Now, Geek talk, for those with nothing better to read.

I’m designing the interface for the first home-movie DVD, and this program - Apple’s newbie-level iDVD - doesn’t allow individualized placement of buttons. I can understand their desire to simplify the process for people who don’t have a clue, but it’s annoying to those of us who have one, if not more, clues. This entire project is quite amusing, in a way; I’m fretting over this first disc - I’m committing to a certain font for all the 2000 discs! Or should I vary them from month to month? Photos for background, or clip art? What of the disc label - should it reflect the interface or should it be a still from a movie? On the way home from the walk tonight, I had two revelations:

1. In the past, guys just shot 8mm, used masking tape on the reel for a label, wrote something like Picnic with kids and tossed it in a box. That was the extent of your interface worries.

2. I have no home movies of my family. None. Yet I remember everything that needs remembering. So even if I screw up the interface and the DVD degrades someday or the medium falls out of favor, it’s safe to say Gnat will still have a rich, happy life.

It’s not like these things are going to Sundance, after all. But. The camcorder shoots in widescreen 16:9 mode. I have a 16:9 TV. I could edit in 16:9 if I got Final Cut Pro. I could really do some nifty stuff if I shot everything wide - man, how cool would that be? It’s like the early home movies on my Treasures of the American Film Institute DVDs - the early color & sound movies of hobbyists and proto film geeks. Panavision baby movies!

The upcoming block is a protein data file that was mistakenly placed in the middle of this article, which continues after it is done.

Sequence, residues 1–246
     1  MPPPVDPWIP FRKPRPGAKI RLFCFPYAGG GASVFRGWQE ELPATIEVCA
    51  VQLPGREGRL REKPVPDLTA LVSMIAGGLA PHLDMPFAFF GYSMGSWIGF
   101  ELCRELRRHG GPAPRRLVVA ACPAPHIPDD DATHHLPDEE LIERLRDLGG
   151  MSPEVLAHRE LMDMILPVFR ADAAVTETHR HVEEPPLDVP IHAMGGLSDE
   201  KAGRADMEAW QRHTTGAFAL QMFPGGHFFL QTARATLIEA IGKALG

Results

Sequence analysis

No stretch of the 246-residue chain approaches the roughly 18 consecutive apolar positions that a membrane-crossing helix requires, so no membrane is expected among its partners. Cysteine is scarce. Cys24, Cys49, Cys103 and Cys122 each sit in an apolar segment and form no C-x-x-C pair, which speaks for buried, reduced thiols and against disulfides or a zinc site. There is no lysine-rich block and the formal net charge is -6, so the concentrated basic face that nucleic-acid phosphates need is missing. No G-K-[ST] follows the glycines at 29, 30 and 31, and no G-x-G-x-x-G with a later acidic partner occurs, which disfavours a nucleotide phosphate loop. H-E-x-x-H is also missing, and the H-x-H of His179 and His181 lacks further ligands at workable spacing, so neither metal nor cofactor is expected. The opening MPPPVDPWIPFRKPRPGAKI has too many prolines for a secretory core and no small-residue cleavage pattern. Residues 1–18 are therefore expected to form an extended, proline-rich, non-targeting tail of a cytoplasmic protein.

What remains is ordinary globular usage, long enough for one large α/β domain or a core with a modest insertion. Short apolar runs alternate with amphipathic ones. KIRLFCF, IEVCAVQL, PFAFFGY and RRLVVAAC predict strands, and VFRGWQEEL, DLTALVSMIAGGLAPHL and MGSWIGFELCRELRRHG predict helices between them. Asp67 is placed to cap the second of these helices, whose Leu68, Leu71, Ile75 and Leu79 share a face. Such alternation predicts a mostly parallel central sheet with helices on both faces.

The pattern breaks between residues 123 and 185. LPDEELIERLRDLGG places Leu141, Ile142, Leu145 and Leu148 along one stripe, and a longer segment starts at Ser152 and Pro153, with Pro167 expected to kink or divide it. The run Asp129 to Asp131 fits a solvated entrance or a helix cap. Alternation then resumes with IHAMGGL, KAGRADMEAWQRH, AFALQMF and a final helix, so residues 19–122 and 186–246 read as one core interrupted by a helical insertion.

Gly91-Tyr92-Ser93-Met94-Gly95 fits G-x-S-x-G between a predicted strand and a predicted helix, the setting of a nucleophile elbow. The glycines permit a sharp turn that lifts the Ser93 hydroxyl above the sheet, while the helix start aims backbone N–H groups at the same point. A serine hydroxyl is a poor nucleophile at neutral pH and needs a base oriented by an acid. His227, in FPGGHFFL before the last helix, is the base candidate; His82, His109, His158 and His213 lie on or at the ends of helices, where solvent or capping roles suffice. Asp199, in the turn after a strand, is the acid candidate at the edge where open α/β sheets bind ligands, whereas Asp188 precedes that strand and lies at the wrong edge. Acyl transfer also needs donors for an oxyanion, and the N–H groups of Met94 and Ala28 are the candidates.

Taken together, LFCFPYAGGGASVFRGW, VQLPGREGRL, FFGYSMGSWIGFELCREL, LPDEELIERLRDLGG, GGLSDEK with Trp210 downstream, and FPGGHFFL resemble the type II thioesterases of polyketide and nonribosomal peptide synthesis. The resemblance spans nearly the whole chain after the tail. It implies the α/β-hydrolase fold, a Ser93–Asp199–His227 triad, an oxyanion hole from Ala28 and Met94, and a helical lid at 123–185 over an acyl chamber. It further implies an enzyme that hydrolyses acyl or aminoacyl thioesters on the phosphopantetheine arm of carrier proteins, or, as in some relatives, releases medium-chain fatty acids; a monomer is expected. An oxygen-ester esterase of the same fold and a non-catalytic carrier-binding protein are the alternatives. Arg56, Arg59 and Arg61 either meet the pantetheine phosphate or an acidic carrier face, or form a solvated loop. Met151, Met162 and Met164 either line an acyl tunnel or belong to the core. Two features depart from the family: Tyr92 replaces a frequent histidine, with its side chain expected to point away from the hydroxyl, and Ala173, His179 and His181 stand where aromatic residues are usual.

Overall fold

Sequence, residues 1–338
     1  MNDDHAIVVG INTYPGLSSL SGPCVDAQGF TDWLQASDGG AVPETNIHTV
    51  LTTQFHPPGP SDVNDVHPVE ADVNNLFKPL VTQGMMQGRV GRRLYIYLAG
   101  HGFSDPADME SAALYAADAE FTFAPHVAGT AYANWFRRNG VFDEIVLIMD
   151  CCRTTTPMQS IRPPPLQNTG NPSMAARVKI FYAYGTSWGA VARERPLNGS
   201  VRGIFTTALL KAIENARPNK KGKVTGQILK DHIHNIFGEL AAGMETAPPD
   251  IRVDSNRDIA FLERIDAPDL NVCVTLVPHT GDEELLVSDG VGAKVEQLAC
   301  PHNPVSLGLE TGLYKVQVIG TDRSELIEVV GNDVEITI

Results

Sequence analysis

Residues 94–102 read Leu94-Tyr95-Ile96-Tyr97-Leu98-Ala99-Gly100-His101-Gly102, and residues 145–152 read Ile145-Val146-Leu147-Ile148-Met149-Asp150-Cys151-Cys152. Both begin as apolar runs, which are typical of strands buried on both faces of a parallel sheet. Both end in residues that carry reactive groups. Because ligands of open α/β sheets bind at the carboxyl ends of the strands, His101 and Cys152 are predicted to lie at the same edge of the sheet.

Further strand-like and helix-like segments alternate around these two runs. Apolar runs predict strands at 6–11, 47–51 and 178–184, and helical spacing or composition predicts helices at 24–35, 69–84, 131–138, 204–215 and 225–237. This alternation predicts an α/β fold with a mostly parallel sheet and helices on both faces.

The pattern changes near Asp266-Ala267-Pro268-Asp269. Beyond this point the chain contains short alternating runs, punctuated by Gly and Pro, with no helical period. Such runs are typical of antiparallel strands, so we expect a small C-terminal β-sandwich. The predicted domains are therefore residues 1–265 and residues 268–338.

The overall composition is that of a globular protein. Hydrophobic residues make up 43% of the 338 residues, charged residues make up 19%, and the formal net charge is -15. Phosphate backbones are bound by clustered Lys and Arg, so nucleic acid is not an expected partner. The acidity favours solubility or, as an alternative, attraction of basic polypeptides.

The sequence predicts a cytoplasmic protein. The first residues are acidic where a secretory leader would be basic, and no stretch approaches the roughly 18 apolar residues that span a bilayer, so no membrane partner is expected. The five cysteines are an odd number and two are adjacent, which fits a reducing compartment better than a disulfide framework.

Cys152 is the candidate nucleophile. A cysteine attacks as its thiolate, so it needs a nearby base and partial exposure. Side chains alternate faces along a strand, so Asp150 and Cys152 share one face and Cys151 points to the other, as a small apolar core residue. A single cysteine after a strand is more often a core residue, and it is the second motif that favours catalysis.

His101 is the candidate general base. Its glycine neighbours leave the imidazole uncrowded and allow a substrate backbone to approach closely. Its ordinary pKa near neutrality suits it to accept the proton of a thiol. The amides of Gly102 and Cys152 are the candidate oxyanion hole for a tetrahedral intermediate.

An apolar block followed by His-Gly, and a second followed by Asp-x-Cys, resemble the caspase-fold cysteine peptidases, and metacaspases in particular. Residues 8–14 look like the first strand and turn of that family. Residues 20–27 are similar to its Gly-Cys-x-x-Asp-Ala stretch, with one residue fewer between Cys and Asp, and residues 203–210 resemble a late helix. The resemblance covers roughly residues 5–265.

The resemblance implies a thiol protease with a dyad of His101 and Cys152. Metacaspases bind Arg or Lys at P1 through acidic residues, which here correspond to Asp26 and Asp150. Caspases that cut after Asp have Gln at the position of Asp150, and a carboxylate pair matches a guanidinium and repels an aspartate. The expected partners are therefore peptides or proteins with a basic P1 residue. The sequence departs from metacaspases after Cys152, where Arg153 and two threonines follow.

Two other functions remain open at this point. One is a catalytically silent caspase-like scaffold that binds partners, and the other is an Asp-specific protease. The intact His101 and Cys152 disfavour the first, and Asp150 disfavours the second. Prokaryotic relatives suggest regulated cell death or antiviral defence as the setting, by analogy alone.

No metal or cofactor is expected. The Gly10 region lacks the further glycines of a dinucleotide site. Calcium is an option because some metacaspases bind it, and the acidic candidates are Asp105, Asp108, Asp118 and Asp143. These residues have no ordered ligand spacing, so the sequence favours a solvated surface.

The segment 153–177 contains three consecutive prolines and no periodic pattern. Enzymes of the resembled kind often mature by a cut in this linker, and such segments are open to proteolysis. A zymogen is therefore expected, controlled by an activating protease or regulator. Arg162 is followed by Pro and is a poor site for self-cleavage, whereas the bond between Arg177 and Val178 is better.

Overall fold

I wrote a letter to Extensis tech support this morning. After installing all the geegaws for the graphics program, my invaluable drop-shadow-maker decided to go utterly mental - it would draw a rectangle around the selected object, and give it the drop shadow. Extensis promptly wrote back: version 1.0 is no longer supported.

Oh! Well, that’ll learn me, eh? Here I go and buy a program and expect the people who sold it to answer a simple question down the road. Fine; be that way. You’re not the only drop-shadow-maker in these here parts, mister.

Which leads me to an embarassing admission. This entire site has been constructed with Photoshop LE, which, in Photoshop terms, is about one step up from Colorforms. I’ve been teaching myself Photoshop 5 for some time, and it’s all hopped up on goofballs to me - takes a while to understand, intuitively, this whole layers paradigm. When I would select something and try to drag it, and it stayed right where it was, I felt like Gnat when she grasps at a design printed on her chair.

Back to work. I’ve movies to render and movies to watch. A fine weekend awaits; have yourself one too.